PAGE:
This is my first Cannonball read and I can’t believe I picked a book–sort of at random, I admit–that I love this much. It’s a story of the Northwest frontier at the turn of the twentieth century so lumberjacks, railroad laborers, miscreants, drunks, and a few coyotes and wolves are par for the course. But there’s also a (maybe real/maybe an apparition) wolf-girl and a sort of carnival side-show version of a wolf-boy. In a book that’s just 125 pages long.
I’ve never read anything by Denis Johnson before, and when I look at the descriptions of his other (very well-reviewed and award-winning) books, I’m not sure I would have been inclined to pick up most of them. Now I can’t wait to read another.
The description of Train Dreams appealed to me immediately because it promised to be one of those classic tales of the American West: Solitude. Wilderness. Big skies and big mountains.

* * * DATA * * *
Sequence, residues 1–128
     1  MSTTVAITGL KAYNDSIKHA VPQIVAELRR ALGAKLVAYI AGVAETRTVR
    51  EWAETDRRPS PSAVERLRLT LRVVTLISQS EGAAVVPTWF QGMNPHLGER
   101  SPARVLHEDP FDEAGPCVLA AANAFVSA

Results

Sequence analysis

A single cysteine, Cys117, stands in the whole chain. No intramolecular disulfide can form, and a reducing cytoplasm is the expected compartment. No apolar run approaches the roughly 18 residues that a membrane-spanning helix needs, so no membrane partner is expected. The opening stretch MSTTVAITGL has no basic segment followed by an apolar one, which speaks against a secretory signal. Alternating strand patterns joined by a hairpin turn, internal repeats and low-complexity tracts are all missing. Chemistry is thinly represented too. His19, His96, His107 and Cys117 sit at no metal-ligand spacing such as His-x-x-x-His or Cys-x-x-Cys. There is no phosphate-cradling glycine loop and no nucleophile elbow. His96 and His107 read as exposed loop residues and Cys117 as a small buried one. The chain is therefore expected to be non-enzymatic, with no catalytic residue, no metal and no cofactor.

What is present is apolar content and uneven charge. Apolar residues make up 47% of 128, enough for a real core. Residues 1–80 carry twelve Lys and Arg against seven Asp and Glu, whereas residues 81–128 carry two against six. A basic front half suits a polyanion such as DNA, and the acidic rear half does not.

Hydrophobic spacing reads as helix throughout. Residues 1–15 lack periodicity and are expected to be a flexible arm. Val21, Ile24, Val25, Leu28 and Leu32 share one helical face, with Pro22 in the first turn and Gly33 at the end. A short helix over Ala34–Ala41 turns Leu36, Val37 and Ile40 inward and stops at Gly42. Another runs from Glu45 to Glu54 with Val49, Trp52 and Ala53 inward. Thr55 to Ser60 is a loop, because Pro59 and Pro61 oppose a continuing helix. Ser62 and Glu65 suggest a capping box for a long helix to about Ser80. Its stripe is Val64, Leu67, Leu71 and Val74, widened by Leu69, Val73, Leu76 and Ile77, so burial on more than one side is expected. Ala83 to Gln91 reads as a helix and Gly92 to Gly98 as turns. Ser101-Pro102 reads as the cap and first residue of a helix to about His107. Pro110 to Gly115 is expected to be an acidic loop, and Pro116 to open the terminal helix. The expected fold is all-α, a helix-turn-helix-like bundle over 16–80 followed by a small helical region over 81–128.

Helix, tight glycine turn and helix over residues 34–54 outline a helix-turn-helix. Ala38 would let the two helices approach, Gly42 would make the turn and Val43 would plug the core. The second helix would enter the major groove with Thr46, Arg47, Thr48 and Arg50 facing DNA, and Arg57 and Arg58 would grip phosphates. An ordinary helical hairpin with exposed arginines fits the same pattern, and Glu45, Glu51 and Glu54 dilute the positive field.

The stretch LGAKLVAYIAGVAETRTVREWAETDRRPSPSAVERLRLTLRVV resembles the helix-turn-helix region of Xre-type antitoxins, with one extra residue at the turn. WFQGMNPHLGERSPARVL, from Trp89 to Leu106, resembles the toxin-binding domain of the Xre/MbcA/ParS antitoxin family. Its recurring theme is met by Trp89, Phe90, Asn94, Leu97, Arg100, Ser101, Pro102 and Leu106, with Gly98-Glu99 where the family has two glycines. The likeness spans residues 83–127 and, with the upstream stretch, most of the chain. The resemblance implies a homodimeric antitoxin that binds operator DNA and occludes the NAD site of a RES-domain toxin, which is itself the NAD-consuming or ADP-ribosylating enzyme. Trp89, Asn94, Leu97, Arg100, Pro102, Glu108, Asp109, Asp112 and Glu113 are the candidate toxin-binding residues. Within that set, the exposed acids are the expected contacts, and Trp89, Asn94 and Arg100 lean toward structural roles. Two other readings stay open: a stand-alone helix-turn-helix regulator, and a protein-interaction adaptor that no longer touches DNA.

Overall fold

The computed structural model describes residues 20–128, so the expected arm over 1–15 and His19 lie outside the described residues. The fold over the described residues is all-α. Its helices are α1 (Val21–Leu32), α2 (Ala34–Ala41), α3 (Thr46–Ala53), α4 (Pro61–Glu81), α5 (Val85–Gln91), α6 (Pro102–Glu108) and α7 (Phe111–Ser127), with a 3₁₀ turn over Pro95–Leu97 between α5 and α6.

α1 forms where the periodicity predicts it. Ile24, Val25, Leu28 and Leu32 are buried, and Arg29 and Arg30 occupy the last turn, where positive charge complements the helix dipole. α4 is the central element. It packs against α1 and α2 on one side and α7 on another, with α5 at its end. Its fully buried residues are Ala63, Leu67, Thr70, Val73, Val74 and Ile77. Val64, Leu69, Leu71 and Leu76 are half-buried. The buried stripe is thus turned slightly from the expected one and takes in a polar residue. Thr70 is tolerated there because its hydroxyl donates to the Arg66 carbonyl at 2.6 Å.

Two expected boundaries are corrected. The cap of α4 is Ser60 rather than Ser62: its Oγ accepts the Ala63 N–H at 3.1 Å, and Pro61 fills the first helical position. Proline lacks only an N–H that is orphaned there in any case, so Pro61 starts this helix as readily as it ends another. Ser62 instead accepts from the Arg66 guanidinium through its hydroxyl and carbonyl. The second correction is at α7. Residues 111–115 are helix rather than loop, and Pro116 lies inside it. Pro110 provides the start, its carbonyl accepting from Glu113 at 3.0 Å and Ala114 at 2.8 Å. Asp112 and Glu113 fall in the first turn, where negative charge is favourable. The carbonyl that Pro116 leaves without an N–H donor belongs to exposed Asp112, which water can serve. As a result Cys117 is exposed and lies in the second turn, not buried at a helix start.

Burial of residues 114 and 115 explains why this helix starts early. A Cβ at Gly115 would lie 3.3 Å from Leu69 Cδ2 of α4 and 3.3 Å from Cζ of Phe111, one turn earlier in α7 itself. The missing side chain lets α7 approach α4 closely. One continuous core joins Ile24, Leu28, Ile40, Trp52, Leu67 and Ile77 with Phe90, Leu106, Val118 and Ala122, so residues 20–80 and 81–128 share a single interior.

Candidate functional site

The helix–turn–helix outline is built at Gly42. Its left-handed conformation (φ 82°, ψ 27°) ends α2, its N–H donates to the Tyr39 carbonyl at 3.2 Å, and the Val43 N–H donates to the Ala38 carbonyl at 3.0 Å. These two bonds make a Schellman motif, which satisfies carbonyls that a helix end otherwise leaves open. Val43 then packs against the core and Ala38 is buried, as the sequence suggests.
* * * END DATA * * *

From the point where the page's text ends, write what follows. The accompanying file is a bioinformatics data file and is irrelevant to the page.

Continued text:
Well, it is that sort of vaguely familiar story, but realized in a powerful new way. Dreams play a big role, as you might expect from the title. The language is plain and poetic at the same time. The cast of characters is fascinating–from the protagonist, Robert Grainier, his wife and infant daughter, down to the most fleeting supporting characters, even those Grainier only meets for a moment, when they’re on the verge of death.
I can’t really imagine throwing around 5 stars for many of the 52 books this year, but am so glad I found this 5-worthy book on my first outing. I’d give it 10, if I could. And a big thanks and shout out to Austin Kleon’s wonderful blog, which is where I got the recommendation. Longer review is here.